I formed the Elders Council (EC) that involved all those elders that will be giving their advice on a regular basis to the government. So, that is a sense of belonging. When you go to those people that you see as pessimists or enemies or visit their houses, they will express surprise. I made Gen Ike Nwachukwu (rtd), the Chairman of the reconciliation committee and he was going from house to house reaching out to those people who were attacking us and today most of them have come together.

If people give the stakeholders a sense of belonging, and empower the youths and the masses just as we are doing, they will rally round your government. Before now what the former administration used to give the youths in the name of empowerment were shovels and head pans. You as a young man, if I give you a shovel and head pan, will you be happy? You will curse me and that was the mentality during the time of the former government because they don’t want anybody to surpass them.

But in our youth empowerment, we are giving out brand new cars and tricycles. I banned the use of Okada here and replaced them with tricycles. We gave out refrigerators and barbing equipment and other items that are tangible which can add value to the lives of the people. You can now see the difference. When you touch the youths in that positive way and give the elders the sense of belonging, you will see that all of them will rally around you. So that is the magic that we are doing.

Some people are advocating going back to the cultivation of some of those things that used to give Nigeria money in the past like palm produce, cocoa and rubber, do you have the intention of reviving that aspect of the economy of this state?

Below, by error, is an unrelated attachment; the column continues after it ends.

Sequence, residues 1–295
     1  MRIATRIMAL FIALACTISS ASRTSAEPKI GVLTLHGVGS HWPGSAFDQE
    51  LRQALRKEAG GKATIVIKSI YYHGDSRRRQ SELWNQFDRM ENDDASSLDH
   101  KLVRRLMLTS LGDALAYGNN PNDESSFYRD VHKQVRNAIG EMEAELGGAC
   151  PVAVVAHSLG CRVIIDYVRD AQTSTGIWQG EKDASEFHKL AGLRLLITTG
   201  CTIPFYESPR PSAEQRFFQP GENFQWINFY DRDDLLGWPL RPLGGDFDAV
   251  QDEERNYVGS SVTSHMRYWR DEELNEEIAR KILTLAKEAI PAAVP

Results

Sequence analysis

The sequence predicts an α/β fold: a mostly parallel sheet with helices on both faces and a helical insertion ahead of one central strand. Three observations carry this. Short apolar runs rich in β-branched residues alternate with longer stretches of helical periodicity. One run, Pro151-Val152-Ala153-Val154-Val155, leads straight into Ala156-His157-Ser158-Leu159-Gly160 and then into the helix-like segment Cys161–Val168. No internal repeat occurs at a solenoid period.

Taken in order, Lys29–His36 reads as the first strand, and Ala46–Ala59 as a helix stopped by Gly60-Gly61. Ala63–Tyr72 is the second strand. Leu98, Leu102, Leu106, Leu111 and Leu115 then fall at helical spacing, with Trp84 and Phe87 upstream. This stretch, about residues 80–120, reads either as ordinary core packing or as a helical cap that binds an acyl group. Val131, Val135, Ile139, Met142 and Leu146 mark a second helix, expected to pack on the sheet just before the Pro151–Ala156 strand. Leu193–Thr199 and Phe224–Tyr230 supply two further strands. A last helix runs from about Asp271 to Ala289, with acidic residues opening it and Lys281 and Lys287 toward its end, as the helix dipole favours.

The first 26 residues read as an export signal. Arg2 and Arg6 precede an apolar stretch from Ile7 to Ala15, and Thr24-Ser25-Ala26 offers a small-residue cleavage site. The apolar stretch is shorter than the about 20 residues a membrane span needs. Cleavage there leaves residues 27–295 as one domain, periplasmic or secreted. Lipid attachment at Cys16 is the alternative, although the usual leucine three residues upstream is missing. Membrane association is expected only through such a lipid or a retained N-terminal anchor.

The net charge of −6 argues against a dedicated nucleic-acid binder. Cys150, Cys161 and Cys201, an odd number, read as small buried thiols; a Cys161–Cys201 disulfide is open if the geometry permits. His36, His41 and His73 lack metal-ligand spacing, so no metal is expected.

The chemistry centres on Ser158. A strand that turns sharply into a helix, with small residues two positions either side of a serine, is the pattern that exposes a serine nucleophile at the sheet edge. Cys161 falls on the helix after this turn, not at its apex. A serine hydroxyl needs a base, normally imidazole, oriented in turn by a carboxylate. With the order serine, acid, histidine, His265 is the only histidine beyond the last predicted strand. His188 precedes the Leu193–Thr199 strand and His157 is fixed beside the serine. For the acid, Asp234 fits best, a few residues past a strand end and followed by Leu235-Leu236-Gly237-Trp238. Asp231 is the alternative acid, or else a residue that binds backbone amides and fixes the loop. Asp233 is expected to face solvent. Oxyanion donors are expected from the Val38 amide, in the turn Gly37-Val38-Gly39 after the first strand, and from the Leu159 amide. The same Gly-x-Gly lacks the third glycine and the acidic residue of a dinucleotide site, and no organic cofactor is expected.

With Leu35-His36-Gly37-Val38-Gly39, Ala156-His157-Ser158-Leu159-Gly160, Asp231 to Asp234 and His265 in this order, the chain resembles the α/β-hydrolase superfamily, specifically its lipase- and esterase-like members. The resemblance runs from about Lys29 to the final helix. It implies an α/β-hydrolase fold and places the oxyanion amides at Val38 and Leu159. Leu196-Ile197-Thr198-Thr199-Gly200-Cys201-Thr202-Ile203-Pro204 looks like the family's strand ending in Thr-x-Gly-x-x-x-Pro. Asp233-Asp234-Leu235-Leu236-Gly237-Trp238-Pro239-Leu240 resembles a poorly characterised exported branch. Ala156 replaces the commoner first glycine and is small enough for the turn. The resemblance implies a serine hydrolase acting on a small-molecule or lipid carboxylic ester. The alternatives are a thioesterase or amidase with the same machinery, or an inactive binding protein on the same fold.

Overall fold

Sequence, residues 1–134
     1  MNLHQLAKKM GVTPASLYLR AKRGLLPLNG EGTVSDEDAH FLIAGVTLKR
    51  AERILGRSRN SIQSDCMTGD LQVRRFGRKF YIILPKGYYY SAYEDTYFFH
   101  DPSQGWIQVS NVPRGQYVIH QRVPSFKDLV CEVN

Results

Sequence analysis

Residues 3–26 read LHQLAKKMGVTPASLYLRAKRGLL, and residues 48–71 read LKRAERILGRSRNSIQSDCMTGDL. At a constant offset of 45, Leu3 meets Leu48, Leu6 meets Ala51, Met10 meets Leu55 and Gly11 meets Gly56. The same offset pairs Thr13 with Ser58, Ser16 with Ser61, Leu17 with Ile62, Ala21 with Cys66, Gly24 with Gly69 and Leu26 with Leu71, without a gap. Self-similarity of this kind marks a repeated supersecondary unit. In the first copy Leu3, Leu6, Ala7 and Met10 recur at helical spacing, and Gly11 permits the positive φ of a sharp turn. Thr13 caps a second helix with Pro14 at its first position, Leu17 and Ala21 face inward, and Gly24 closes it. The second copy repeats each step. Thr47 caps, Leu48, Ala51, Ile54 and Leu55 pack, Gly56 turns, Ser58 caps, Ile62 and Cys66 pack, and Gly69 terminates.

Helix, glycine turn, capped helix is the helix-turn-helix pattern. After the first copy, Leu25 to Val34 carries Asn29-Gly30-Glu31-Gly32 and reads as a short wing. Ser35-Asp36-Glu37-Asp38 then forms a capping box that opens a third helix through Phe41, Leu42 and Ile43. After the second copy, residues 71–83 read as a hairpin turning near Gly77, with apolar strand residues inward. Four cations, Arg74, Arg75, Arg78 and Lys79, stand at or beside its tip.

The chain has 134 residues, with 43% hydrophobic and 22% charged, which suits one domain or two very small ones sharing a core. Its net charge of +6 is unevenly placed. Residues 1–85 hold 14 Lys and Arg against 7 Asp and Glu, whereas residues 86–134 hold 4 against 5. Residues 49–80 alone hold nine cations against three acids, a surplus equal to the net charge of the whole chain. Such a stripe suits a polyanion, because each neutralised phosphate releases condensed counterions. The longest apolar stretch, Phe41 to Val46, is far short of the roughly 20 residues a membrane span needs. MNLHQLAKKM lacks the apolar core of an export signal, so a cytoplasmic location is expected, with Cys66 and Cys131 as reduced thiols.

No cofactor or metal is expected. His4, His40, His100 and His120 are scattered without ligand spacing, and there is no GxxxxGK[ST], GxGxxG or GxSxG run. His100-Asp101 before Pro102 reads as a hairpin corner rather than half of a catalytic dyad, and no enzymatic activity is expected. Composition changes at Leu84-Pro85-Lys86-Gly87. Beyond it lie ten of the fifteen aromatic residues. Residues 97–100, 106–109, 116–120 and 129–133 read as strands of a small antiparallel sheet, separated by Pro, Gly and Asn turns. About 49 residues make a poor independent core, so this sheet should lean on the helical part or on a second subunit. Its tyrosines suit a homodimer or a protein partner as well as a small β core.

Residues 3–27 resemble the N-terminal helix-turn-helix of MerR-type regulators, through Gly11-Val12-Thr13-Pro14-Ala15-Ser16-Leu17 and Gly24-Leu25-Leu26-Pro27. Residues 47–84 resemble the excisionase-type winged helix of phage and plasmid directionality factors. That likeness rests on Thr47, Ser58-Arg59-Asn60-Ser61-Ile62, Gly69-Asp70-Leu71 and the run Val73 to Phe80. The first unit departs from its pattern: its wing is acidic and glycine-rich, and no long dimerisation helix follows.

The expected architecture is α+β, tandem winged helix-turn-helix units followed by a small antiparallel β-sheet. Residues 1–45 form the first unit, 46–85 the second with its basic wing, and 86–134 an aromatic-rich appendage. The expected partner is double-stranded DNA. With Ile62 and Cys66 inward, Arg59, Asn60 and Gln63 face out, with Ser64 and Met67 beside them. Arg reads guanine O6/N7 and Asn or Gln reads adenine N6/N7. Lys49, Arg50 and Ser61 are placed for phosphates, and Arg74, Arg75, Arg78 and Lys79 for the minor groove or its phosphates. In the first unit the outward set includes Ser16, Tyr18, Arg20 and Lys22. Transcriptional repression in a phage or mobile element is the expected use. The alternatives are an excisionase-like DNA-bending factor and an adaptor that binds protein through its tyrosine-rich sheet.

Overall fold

We have already gone back to that. For example, we have the rubber plantation in Ndioji that was wasting but today we have brought in investors who are currently managing that place, tapping the rubber gums, selling them, making money and also giving us our own share. As at now, they have employed 1300 youths for rubber alone. Now we are establishing liberation farms in the senatorial zones. We have started from Ukwa West.

Some assert that you are not doing much on the matter of sports development. So, what efforts are you making to promote sports development?

My brother, who told you that sports has not received an attention here? Enyimba is there. Do you know how much it cost us to keep Enyimba Football Club? Since 2007 that I came on board, they have won many laurels, nationally and internationally, and it takes us a big chunk of money to run that club and they have been in the top league all along from 2007 till now.

Apart from that, just two weeks ago, I rewarded the Paralympics, I gave to each of them N1 million. They won medals in London for Nigeria and not for Abia but we decided to encourage them. So we do encourage our sports people. We don’t come out to blow our trumpets but we are spending a lot of money in that area.

You see, it is only in Abia that we have three football clubs that we are running: Enyimba Football Club, the Comet and the Warriors. Some people are only running one club and they are shouting but we have been running three clubs in Abia since 2007.

Excerpts from the Vanguard Newspaper Tuesday, January 29, 2013